The Penrose-Strawbridge House is a farmhouse - built mostly from 1810-1860 and some modernization in the 1920s - with a center section dating to c1721. Its is located on what we now call the
Graeme Park originally consisted of 1200 acres that the colonial deputy governor of Pennsylvania,
Keith had built a number of buildings, one of which still stands intact. Now a National Historic Landmark, Keith House may have originally been an industrial building, some say a malt house. It was converted to a residence probably in the 1740s by Dr Graeme and became his summer residence. The mansion probably had its heyday in the 1760s-1773 when his daughter
The Penrose family acquired the property in 1801 and added a large addition to our farmhouse in 1810 and others in 1830 and 1858, 2 barns in 1839 and 1849, a springhouse and an equipment barn. There is alos a carriage house - in ruins - behind the equipment barn. Not sure when this was built.
The Strawbridges sold off other parts of their estate until it reached its current size of 103 acres. This land was given to the Natural Lands Trust who later sold it to Horsham Township. It is now a township park. Horsham has granted a 25 year lease of 10 of these acres - including all the buildings - to HPHA with the goal of restoring these buildings.
We began the restoration by commissioning Westfield Architects & Preservation Consultants to produce a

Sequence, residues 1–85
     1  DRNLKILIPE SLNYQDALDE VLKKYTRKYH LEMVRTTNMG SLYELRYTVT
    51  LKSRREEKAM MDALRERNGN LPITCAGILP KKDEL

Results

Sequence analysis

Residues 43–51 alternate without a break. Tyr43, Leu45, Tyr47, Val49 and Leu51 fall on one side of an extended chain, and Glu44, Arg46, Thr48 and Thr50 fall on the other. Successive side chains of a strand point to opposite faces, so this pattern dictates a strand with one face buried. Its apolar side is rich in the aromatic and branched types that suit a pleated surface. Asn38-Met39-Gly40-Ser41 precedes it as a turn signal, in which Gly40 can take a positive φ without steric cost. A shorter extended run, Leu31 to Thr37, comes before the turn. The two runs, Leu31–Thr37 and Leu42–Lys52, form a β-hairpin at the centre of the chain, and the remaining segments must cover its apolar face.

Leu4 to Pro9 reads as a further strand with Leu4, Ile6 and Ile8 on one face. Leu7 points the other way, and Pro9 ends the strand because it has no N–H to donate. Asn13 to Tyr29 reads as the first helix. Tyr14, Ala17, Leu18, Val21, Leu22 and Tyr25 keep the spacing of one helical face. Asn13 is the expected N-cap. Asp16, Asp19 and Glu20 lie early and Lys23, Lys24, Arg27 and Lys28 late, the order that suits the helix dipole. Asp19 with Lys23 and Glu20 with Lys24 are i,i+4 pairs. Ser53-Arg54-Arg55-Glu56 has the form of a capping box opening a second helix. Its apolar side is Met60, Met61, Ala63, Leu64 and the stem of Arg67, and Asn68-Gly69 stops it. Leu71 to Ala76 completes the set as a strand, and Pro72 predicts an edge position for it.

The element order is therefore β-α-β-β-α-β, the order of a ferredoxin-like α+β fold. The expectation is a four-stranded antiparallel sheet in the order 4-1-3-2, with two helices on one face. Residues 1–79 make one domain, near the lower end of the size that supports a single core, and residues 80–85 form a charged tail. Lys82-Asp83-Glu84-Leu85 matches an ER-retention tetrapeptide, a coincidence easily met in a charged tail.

The first step in our restoration was to determine what we had, what we could do with it ... how and how much. HPHA commissioned a preservation plan and feasibility study for the property in 2001 to guide the association, as leaseholders, and Horsham Township, as owners in determining the direction that the historic farm complex should go. HPHA selected Westfield Architects & Preservation Consultants of Haddon Heights, New Jersey to research and prepare the study. The result was the Keith-Penrose-Strawbridge Preservation Plan & Feasibility Study, a two volume report that provides documentation of the existing structures and their history, recommendations for future uses, preservation recommendations and preliminary cost estimates for the alternative recommendations. Also included were structural engineering information, living history farm information and materials recommendations. Summary of the
The significance of the building (Penrose-Strawbridge House) lies with its evolution over the course of the eighteenth and nineteenth centuries. The building also has historical significance for its association with (Sir William) Keith's original plantation and as a representative example of an expanded colonial home that was modified over two centuries. Although the Strawbridges were good stewards of both houses on the property, their alterations to the Keith-Penrose-Strawbridge House (starting in the 1920s) were not nearly as extensive or significant in scope as those of the Penrose family (beginning in 1801). Therefore, it can be concluded that the building's primary significance lies with its eighteenth and nineteenth century history, while the significance of its preservation was recognized in the twentieth century. 41 p2.13